Do I spend the $50,000 on this TV commercial or not? Analyzing a TV commercial opportunity with simple metrics




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This is a question from a business acquaintance:

I’ve been approached by a network and their TV show about featuring our line in a commercial as part of an episode.

The rub is that they want a $50k “scheduling fee” from us in order to do the segment.

This would be a big bet for us, about 6-9 months of marketing budget and I’m trying to figure out if it’s worth entertaining.

The show will air twice nationally in the same time slot and our segment would be 5-6 minutes long featuring our products and telling a story about why people should care about the ingredients in their products (and highlighting our brand as a gold standard).

They also provided me with the attached deck which breaks down their viewership.

Overall, I’m trying to figure out if it’s worth it (or even potentially worth it) and you’re the only person I’ve met that’s done anything like this. 

This is my answer on analyzing a TV commercial:

My take is that as a small company, this kind of spend must yield measurable results in sales dollars. Branding value is hard to measure, especially when you are a small company. If you were in 30K+ retail outlets and doing 30mm a year in sales, then certainly, opportunities like this might represent great branding value. So, that said, I put on my direct marketing lens to see what kind of metrics I need to at least breakeven on my $50K spend.

This model should give you more guidance on how I would look at it (see file: MEDIA SPOT ROI).  To quickly explain, back into the 50K spend through the various response metrics that might be reasonable for your product category and your target customer. You can play with the input values yourself. In the end, this model tells you how many people need to be watching to get the response (i.e. orders).

I did not spend much time on the attachment you sent, but zeroed in on the viewership, which is $300K. With the metrics I am using in the attached model, you will get nowhere near that to get your money back.

But again, I don’t know your AOV (average order value) or CLTV customer lifetime value) or conversion metrics.

AOV is one order…not including follow-on orders… and CLTV is the value of your customer over time. In direct response analog media, I almost always use AOV and try to maximize that, rather than try to entice a new customer with an entry-level offer and hope to make more from them over time.

I’ve done analysis both ways with TV buyers and maximizing the AOV from a first time customer offers much better ROI.

For digital direct respons marketing, capturing an email address for long-term CLTV may make more sense, so in that case, maximizing AOV is not as important.

Based on this quick analysis, I think you should pass on this opportunity.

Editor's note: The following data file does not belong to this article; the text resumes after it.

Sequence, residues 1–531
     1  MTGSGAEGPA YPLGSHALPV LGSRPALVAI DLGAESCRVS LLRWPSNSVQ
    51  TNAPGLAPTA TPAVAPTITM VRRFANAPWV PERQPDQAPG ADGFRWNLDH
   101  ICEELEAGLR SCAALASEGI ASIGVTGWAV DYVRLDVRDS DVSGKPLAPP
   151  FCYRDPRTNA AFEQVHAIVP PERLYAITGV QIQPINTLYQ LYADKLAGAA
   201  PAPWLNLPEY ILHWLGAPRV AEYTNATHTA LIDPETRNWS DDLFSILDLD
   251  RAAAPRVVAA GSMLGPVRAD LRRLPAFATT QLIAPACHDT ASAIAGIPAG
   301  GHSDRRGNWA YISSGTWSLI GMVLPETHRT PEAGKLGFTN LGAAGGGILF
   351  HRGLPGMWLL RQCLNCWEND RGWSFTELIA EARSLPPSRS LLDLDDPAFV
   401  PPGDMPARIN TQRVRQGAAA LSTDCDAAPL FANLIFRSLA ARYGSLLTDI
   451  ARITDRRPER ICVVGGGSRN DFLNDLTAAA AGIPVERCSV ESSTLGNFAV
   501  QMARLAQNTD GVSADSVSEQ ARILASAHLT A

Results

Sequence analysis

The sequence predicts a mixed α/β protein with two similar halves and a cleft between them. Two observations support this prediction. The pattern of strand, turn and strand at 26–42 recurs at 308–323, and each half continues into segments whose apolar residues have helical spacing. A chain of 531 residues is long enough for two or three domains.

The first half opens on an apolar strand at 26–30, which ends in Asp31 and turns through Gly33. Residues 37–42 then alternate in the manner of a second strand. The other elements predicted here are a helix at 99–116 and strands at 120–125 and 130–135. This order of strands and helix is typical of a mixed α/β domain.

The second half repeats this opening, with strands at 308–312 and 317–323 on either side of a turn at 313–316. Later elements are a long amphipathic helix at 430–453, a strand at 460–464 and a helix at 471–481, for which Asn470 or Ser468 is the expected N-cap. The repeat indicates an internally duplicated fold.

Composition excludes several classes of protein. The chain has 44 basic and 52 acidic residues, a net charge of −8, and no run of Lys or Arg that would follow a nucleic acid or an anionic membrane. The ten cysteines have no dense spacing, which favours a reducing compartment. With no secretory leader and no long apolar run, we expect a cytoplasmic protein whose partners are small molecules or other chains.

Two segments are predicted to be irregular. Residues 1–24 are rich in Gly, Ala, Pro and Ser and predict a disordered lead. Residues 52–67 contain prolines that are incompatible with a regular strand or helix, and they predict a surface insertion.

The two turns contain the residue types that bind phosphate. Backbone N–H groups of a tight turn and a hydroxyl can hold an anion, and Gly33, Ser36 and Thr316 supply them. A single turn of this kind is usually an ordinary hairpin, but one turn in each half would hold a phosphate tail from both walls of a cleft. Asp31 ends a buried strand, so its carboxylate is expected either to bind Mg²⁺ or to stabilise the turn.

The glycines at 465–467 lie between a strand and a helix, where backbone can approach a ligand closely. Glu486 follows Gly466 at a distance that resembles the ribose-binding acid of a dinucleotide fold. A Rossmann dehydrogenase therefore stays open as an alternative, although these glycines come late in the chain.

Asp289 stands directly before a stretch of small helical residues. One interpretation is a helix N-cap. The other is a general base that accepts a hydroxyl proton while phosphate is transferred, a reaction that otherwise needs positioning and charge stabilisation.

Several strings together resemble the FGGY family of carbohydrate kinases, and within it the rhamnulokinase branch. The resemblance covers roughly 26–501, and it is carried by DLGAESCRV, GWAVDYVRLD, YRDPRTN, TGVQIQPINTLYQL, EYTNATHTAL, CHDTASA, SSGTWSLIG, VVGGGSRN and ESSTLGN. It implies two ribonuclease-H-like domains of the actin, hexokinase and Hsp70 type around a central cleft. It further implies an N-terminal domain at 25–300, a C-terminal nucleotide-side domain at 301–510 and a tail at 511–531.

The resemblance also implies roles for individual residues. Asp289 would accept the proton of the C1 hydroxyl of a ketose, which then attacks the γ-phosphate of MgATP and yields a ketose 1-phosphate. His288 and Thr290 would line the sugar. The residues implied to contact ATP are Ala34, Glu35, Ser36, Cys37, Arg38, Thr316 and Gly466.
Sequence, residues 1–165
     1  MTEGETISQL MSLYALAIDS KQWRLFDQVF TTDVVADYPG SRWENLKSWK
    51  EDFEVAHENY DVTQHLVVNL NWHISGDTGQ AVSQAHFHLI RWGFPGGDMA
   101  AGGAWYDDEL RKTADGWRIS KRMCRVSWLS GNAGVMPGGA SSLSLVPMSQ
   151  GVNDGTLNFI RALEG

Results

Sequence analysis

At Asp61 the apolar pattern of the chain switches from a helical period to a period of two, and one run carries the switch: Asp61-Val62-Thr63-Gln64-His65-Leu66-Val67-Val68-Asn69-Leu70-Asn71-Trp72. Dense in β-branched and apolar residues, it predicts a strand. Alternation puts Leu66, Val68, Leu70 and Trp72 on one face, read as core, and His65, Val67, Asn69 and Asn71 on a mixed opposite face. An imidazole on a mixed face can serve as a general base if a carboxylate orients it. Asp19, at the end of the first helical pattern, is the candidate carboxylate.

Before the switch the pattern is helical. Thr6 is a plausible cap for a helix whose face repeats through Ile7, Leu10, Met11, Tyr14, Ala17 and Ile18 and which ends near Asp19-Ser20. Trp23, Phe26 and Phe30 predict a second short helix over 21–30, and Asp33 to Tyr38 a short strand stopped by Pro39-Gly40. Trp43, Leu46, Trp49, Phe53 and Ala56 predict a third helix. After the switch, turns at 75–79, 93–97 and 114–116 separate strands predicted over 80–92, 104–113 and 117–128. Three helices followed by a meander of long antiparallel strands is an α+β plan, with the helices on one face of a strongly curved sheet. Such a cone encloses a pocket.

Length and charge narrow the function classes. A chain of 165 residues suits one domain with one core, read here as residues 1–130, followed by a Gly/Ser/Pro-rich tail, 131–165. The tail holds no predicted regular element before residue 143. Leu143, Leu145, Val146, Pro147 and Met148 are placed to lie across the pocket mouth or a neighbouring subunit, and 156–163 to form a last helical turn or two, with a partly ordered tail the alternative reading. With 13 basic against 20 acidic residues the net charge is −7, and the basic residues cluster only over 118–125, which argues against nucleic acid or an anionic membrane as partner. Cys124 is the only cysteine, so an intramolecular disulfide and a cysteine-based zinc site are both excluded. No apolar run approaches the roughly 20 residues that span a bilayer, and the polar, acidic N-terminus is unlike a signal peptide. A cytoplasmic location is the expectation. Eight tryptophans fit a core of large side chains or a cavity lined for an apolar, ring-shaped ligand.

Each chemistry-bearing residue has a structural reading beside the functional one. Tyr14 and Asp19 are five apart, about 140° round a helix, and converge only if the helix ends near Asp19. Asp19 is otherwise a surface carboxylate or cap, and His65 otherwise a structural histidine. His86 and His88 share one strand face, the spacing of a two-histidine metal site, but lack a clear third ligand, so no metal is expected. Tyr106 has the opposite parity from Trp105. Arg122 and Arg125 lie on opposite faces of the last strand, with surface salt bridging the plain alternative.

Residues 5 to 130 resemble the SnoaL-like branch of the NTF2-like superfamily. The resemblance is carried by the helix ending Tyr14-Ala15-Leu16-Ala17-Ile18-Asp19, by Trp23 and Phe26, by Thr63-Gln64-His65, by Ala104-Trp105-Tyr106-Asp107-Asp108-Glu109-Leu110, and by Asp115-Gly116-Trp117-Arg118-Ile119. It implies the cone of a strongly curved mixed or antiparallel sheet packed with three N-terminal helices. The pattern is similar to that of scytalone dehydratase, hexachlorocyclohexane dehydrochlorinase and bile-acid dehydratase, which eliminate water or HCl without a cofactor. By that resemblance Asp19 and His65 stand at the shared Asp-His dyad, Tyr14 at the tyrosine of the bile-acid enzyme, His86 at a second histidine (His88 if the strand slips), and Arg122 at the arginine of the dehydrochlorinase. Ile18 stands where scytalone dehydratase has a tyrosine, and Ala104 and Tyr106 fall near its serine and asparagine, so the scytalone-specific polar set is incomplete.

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I post what I see and do in consumer products. But I am just one person with my own perspective. I want your opinion and observations from your point of view. Please comment below so I and others can learn. Thank you!


About the Author:

I am a startup and growth company expert: sold 1, built 5, and crashed 2. I develop, launch and grow consumer products through uncommon methods that can lead to more sales – faster – and can make a company and its products more appealing to consumers and resellers, with less risk. More about me here.

2 Comments

  1. Doug Garnett November 8, 2017 at 1:28 pm - Reply

    As a TV expert, I’ve worked with countless companies who have been approached with deals like these. And I always recommend against them.

    First, it’s a big, expensive on-shot deal. Second, it merges production and media so you don’t know what you’re paying for. (Like the way car dealers like to mix your new car buy with buying your used car and fully confusing whether you’re getting a good deal or not.) Third, and most importantly, there are far, far better deals on TV time via the remnant markets (DRTV rate card).

    I’d add the above to your thoughts. And, suggest, that if anyone thinks TV is right for their products, then do it right. Don’t buy a package deal from a TV show, network, or cable company where the creative/production is included with media. If $50K is the number, then find a small, TV experienced agency who can work aggressively to make the most of your money and listen to what they’d recommend.

    For many innovative new products and startup companies, TV shouldn’t be summarily rejected – it does things that can happen no other way. Yet that also means if TV seems like it’s important it’s a strategic move – one to be given far more consideration than merely responding to an offer like this one.

    • Ed Soehnel November 8, 2017 at 3:48 pm - Reply

      Thx for the input, Doug! I agree with you and luv remnant TV, especially DR. DR TV can do tremendous things for product sales.

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